NEW YORK (Reuters) – “Harry Potter and the Cursed Child” won the Tony Award for best play on Sunday while Glenda Jackson and Andrew Garfield took home acting prizes and rocker Bruce Springsteen received a special prize at Broadway’s honors for the best in theater.
Besides the top prize, “Harry Potter,” a record-setting $69 million production set 19 years after the last of J.K. Rowling’s best-selling novels about the boy wizard, won another five Tonys including best director.
Garfield won best actor in a play for his acclaimed performance in the “Angels in America” revival, a monumental two-part drama about AIDS during the Reagan years.
“Angels in America” was named best play revival on Sunday.
Nathan Lane took home his third Tony award for “Angels in America,” as closeted conservative lawyer Roy Cohn, who died of AIDS.
Praising playwright Tony Kushner, an emotional Lane said, “Tony wrote one of the greatest plays of the 20th century, and it is still speaking to us as powerfully as ever in the midst of such political insanity.”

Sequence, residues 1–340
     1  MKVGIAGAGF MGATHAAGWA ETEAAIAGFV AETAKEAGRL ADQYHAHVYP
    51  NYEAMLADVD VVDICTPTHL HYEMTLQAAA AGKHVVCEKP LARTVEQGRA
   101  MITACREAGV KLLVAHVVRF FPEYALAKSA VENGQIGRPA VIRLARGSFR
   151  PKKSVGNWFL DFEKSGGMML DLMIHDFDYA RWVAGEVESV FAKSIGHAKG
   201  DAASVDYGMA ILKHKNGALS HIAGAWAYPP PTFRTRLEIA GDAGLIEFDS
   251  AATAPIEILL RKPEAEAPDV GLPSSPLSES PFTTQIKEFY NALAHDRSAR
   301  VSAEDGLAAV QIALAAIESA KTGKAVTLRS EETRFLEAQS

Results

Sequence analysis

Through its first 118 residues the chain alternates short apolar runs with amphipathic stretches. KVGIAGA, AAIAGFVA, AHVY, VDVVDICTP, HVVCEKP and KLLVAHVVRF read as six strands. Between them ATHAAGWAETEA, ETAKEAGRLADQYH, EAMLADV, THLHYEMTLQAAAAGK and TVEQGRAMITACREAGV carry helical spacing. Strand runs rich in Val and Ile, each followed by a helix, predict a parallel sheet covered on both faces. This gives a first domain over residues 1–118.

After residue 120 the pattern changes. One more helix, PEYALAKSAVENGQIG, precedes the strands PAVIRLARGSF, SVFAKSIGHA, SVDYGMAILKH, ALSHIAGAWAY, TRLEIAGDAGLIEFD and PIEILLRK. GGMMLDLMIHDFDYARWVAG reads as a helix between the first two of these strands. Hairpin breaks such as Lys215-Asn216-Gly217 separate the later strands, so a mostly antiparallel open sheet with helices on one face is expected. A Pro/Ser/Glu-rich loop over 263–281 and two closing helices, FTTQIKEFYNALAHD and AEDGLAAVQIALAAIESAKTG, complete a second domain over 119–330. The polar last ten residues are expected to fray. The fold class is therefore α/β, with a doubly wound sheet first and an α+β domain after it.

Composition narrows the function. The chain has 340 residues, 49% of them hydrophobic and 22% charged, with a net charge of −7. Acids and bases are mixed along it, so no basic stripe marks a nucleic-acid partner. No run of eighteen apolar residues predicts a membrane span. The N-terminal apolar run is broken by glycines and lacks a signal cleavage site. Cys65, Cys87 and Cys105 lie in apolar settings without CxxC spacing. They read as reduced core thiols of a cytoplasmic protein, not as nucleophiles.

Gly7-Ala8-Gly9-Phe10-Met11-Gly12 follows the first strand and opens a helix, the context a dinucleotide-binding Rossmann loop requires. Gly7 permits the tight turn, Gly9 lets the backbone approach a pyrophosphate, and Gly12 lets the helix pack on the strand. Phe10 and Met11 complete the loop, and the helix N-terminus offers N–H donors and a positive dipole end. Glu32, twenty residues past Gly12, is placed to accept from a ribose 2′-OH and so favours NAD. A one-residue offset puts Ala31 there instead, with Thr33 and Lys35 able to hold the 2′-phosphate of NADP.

Jackson, 82, returning to Broadway after 30 years and a lengthy term as a British politician, was named best actress for her tour-de-force performance in Edward Albee’s “Three Tall Women.”
Laurie Metcalf won her second Tony, playing a younger version of Jackson’s imperious character in “Three Tall Women.”
Springsteen, whose show started as a limited 8-week run in October 2017 will play for 236 performances before year’s end, said appearing on Broadway has been “one of the most exciting things I’ve ever experienced.”
The rocker received his special Tony at the 72nd annual awards from fellow musician Billy Joel at a gala ceremony at Radio City Music Hall hosted by singer-songriter-actors Josh Groban and Sara Bareilles.
Actor, writer and comedian John Leguizamo also received a special Tony for his one-man show, “Latin History for Morons.”
The Tonys capped another record year on Broadway with $1.7 billion in box office receipts, despite the smallest number of new productions in 20 years
Musical “The Band’s Visit,” about Egyptian musicians stranded in a small Israeli town, won several early awards including best score, best director and best featured actor.
Reporting by Chris Michaud; Editing by Jill Serjeant and Sandra Maler